Bühler reports dip in 2013 earnings
Feb. 12, 2014
by World Grain Staff
UZWIL, SWITZERLAND — Bühler Group reported on Feb. 11 that sales revenue in 2013 dropped 3.6% to CHF 2.322 billion ($2.594 billion).
With CHF 139 million or 6% of sales, the EBIT margin fell short of the result of the year before (CHF 168 million). On the one hand, this is due to the strategic optimization of the Advanced Materials division’s portfolio, which entailed integration and restructuring costs.
Another one-time effect with a negative impact on Bühler Group’s profitability was unsatisfactory project management in some business units. The Group result is CHF 123 million or 5.3%.
Regardless of the lower EBIT achieved in the year under review, Bühler deliberately maintained its high level of spending on research and development of over CHF 100 million as well as the global expansion of its local customer service organizations.
Order intake amounted to CHF 2.363 billion and was thus 1% higher than a year ago. Whereas the Food Processing division grew by 7%, Grain Processing received 3% less orders. The Advanced Materials division increased its order intake by more than 4%, despite the disinvestment of the Thermal Processes business unit. Whereas the new-plant business frequently suffered delays due to financing challenges that customers faced, the customer service business grew once again at a rate of 8%.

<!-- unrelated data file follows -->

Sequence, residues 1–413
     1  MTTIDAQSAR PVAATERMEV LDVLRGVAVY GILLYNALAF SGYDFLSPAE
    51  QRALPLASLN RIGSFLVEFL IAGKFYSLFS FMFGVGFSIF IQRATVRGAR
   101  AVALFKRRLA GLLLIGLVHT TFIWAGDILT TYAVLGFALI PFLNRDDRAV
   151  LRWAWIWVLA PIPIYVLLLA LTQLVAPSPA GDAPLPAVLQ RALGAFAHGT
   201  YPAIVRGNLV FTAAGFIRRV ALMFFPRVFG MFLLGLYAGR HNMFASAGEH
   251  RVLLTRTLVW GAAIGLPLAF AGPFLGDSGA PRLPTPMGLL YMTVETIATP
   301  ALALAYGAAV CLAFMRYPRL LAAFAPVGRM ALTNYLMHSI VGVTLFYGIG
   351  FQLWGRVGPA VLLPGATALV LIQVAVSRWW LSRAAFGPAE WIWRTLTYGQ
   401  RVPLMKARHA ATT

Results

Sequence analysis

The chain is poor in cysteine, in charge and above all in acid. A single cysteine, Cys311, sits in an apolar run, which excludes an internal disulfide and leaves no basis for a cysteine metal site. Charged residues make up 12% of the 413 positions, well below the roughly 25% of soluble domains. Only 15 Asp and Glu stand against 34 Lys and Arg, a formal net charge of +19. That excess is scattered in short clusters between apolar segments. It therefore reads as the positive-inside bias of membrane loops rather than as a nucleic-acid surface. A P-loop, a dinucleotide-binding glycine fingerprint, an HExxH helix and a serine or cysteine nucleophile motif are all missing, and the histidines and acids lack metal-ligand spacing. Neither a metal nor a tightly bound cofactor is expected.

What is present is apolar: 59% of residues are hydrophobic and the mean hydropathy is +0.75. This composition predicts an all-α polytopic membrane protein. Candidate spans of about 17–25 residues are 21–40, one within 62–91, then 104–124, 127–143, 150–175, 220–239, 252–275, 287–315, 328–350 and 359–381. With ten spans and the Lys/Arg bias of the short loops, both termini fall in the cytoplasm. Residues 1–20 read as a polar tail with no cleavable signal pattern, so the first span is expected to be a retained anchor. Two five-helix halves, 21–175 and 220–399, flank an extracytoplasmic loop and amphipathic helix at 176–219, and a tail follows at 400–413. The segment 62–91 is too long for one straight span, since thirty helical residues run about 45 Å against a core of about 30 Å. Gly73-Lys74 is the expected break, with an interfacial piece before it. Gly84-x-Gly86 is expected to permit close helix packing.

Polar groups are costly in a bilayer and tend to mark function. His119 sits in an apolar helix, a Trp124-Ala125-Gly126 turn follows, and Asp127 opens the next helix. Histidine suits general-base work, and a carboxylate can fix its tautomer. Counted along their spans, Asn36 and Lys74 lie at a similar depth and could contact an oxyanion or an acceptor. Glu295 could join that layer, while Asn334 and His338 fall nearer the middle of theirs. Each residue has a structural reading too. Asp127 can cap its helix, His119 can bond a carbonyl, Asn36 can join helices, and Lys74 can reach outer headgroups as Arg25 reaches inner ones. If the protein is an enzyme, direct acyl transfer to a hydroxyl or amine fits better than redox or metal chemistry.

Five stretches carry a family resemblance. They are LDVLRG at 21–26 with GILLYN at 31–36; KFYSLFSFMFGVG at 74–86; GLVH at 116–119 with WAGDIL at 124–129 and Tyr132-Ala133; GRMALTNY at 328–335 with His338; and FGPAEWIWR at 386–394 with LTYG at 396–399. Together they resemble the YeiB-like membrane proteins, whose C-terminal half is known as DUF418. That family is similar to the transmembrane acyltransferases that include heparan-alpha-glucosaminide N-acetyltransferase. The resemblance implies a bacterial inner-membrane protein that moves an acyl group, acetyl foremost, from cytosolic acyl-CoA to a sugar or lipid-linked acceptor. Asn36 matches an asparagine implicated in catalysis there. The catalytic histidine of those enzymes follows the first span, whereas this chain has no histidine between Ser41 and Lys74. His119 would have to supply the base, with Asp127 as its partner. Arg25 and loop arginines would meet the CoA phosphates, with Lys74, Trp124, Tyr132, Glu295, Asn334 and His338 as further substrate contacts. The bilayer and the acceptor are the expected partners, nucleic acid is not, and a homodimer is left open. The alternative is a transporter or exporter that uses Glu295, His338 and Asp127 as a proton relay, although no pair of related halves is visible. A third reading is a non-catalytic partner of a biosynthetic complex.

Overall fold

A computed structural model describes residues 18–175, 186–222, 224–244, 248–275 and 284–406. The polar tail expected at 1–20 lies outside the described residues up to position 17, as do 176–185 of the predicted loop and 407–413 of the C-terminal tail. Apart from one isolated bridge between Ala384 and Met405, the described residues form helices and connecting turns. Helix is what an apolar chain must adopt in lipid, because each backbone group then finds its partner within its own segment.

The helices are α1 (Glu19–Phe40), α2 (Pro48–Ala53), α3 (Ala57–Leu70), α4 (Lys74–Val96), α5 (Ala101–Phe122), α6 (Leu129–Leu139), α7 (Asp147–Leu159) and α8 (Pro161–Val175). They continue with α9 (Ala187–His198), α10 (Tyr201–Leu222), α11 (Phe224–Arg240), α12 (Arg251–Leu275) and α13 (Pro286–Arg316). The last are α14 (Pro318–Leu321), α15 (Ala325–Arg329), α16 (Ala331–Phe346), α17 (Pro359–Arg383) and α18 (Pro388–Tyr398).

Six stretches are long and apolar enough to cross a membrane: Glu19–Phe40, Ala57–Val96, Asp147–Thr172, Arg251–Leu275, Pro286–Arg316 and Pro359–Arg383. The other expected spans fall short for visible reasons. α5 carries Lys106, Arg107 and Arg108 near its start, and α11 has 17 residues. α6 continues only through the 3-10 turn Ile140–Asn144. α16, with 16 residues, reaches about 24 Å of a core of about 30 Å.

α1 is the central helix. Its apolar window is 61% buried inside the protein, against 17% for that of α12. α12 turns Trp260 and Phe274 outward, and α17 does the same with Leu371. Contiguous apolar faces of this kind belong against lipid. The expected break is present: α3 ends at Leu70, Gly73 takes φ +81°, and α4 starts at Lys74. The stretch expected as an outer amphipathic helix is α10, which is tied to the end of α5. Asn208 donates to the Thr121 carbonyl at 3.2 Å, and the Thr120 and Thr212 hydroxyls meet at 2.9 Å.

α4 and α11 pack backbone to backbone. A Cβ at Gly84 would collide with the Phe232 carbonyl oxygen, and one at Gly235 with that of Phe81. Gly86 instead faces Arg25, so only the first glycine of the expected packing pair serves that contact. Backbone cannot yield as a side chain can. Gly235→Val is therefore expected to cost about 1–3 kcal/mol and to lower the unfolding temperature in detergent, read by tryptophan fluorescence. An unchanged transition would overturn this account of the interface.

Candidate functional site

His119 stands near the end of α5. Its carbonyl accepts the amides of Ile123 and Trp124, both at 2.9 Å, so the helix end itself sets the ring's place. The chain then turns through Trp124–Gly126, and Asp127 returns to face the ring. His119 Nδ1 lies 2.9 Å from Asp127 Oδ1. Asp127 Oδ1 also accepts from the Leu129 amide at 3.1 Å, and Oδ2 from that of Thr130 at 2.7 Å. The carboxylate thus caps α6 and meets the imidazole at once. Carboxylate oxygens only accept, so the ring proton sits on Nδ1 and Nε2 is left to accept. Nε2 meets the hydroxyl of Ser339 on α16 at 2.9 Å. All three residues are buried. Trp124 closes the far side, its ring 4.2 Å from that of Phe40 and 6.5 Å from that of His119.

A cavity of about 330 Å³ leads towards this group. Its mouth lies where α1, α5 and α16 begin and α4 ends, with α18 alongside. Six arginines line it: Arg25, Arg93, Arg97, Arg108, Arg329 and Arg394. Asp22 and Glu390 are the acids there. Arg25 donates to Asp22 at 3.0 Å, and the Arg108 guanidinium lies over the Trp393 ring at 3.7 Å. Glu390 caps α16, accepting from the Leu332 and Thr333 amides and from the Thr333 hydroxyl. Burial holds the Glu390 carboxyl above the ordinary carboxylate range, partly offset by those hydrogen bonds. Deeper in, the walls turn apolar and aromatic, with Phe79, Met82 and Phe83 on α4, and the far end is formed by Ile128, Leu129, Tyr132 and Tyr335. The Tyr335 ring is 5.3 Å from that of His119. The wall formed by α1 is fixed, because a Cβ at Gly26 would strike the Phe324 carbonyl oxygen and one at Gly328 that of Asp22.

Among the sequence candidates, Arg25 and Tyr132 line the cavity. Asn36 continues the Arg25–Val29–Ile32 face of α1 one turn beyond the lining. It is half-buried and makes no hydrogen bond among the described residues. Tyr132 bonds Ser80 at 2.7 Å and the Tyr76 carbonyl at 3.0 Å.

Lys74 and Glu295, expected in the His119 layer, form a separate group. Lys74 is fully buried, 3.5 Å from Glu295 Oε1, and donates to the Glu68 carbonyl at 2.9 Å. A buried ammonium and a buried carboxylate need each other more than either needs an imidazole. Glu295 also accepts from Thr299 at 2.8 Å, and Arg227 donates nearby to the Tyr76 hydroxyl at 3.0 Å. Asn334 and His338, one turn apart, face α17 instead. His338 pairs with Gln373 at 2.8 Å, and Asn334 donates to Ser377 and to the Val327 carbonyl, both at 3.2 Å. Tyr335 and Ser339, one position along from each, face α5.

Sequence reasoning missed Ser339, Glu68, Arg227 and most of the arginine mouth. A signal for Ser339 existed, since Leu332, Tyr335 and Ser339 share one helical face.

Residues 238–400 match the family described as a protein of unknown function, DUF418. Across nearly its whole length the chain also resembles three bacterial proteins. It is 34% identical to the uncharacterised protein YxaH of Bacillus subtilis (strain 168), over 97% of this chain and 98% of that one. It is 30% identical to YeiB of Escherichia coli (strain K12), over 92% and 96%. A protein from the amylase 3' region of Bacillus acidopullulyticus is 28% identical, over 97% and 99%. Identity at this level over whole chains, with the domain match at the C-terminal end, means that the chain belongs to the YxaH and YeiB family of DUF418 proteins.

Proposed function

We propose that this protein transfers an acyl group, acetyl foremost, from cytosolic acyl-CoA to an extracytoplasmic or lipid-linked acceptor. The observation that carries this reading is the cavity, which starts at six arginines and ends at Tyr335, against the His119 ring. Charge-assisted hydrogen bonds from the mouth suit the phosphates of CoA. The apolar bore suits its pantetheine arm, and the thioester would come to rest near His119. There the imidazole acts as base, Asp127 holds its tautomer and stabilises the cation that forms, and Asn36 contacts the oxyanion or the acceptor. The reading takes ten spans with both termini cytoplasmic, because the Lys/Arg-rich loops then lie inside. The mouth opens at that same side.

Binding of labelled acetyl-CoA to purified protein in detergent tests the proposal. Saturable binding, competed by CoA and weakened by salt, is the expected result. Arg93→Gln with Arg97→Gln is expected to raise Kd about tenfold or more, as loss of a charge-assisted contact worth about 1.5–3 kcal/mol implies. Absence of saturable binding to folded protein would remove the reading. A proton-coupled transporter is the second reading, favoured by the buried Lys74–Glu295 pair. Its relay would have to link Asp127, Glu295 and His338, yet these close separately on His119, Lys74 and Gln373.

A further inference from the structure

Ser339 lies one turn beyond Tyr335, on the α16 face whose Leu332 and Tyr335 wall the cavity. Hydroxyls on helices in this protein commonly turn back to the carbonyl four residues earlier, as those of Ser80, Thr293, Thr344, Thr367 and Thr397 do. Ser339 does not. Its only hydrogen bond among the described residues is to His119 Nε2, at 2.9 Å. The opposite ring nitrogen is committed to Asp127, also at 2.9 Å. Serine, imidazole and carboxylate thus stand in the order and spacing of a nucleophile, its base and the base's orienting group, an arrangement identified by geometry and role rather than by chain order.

The picture is also mixed with regard to the development of order intake by regions. In North America, it slipped 17% below the value of the previous year, though this was still the second-best volume ever achieved. Declines were also suffered by the regions of Middle East/Africa (-14%) and India (-11%), especially due to the devaluation of some local currencies.
On the other hand, Bühler booked 23% more orders in South America, which is a new record. Following a disappointing previous year, Europe grew by 11% in 2013. Asia achieved outstanding growth of 12%.
At the start of 2014, Bühler had a solid backlog of orders of CHF 1.3 billion. It provides the potential for achieving further growth on condition that the pace of capital investment picks up again.